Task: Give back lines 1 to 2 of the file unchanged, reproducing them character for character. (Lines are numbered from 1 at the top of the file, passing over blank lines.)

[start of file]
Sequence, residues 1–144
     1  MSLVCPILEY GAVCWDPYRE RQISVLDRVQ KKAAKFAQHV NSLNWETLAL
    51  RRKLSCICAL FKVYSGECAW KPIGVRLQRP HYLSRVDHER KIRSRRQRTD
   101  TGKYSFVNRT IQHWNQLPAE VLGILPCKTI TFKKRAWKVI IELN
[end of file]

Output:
Sequence, residues 1–144
     1  MSLVCPILEY GAVCWDPYRE RQISVLDRVQ KKAAKFAQHV NSLNWETLAL